|Coffee salesmen in Yemen's pavilion|
The architecture may have been the main attraction for me but I also enjoyed the surprise and delight of encountering the unexpected. I have already mentioned Poland's secret garden, but add to this some delightful Vietnamese musicians (and the tiny characters on display in the pool outside the Vietnamese pavilion), the floating discs suspended from the ceiling of Brunei's building and the Slovenian swing dancers (and the people in animal costumes who tried to join in, causing some consternation to the dance group). I loved the spectacle of colour that is the exterior of Ecuador's entry, the strange racquet like discs outside the Korean pavilion and the stylish lettering and decorative features of Angola's. I enjoyed the graceful curve of the Uruguayan pavilion and was struck by the huge reflective canopy of Russia's - Big Brother may still be watching us. Oh, and I also liked the Malaysian curry, Israeli ice-cream, Belgian chips, Ethiopian coffee and Italian pastry that helped sustain me throughout the day.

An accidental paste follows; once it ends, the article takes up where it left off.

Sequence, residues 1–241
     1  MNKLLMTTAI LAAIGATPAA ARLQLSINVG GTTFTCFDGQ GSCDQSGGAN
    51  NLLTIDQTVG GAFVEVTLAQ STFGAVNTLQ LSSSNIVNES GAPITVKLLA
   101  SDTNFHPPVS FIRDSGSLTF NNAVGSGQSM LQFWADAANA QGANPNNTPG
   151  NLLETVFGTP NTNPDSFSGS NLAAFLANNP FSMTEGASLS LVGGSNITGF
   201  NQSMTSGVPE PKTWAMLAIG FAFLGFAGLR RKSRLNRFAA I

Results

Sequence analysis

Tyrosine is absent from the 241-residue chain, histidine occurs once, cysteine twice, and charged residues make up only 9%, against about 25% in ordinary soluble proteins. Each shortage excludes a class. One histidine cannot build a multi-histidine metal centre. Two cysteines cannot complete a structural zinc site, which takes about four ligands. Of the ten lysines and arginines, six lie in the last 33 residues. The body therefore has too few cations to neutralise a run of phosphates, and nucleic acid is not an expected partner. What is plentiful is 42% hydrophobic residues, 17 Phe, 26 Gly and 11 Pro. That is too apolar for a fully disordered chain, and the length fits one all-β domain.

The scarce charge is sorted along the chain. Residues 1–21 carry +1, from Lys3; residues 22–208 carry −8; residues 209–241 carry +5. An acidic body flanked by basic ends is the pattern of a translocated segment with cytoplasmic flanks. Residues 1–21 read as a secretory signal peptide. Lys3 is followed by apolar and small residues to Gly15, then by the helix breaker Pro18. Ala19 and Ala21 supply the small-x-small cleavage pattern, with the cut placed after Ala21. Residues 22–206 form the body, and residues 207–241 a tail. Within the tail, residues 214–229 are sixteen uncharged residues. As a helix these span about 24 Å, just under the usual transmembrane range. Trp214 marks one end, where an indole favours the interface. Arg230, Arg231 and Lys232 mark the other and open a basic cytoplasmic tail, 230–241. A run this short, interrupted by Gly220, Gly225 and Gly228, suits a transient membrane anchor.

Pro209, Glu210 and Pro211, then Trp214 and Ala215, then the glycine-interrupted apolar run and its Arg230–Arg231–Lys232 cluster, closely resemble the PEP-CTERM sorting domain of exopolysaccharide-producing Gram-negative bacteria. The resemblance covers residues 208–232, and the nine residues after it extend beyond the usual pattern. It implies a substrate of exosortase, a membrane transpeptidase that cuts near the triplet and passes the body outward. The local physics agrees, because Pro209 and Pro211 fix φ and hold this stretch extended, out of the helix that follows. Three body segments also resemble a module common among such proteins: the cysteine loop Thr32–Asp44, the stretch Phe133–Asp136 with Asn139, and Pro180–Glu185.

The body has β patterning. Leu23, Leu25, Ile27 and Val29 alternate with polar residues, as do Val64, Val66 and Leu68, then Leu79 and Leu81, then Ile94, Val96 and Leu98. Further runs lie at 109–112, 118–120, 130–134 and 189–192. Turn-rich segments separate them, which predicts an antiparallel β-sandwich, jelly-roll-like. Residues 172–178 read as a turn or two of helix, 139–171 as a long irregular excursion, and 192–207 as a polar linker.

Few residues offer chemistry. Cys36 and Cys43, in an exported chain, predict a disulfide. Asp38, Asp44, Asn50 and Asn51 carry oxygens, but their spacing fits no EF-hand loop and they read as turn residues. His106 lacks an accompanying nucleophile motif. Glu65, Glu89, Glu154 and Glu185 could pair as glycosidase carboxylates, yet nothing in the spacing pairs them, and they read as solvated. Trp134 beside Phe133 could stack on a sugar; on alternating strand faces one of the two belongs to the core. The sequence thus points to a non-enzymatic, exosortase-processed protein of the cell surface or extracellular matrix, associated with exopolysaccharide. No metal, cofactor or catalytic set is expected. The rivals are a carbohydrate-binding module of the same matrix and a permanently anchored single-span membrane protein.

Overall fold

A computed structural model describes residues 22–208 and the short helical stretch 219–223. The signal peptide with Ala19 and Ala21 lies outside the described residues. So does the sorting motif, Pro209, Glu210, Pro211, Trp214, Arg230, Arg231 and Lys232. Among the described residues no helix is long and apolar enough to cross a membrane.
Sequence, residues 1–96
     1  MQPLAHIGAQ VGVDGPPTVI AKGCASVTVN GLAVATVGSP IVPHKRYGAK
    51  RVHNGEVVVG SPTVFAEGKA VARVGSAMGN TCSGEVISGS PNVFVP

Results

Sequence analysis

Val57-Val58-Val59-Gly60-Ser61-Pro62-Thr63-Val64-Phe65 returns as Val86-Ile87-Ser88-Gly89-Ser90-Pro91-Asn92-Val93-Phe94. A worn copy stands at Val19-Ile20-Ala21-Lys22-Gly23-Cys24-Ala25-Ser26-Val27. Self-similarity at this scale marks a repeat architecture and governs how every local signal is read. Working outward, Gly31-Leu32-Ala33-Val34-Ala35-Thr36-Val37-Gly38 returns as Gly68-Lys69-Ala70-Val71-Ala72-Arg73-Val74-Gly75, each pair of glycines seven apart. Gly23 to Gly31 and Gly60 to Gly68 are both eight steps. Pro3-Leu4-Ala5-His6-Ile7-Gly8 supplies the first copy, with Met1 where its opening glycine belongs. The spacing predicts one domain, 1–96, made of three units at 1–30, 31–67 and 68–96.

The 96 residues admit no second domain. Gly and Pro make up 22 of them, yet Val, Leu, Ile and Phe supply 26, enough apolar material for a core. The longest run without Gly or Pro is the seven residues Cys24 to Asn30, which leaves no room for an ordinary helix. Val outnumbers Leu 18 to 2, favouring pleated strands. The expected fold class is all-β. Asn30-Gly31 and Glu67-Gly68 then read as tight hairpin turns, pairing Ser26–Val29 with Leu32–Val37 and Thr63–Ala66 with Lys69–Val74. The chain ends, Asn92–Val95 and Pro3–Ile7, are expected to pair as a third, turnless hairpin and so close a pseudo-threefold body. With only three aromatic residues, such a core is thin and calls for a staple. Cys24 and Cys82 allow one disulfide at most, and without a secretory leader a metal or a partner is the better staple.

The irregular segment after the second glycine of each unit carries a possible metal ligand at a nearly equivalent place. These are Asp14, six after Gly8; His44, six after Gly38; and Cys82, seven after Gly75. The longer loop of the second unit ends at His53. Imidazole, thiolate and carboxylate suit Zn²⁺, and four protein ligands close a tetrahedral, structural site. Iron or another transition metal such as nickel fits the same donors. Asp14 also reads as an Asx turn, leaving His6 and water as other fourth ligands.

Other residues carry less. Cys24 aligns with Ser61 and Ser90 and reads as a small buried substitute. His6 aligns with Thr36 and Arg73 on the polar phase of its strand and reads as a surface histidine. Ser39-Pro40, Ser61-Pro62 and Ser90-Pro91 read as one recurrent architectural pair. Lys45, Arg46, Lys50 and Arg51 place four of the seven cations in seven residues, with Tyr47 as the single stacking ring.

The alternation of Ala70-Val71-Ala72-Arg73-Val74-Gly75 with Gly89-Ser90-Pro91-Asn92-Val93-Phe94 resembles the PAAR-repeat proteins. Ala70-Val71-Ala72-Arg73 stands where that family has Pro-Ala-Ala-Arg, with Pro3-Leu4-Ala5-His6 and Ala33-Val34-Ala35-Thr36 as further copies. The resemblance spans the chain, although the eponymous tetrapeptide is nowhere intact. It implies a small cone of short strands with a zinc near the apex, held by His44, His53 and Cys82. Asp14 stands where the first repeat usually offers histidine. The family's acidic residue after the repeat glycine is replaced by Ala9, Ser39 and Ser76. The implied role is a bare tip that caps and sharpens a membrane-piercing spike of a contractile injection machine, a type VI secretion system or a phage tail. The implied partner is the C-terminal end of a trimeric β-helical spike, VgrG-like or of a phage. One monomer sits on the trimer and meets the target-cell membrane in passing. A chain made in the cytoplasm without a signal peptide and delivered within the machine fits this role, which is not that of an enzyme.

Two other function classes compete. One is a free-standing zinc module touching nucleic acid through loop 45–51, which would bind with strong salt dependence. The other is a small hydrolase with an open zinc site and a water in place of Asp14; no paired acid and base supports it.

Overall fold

The Expo runs until October 31st. Is best to buy tickets online in advance to avoid long queues. I managed to combine my visit with two extra days in the city which holds many delights.
You might also like A Few Days In Milan.
|Russia's reflective canopy|
|Floating discs from Brunei|
|Stylish lettering from Angola|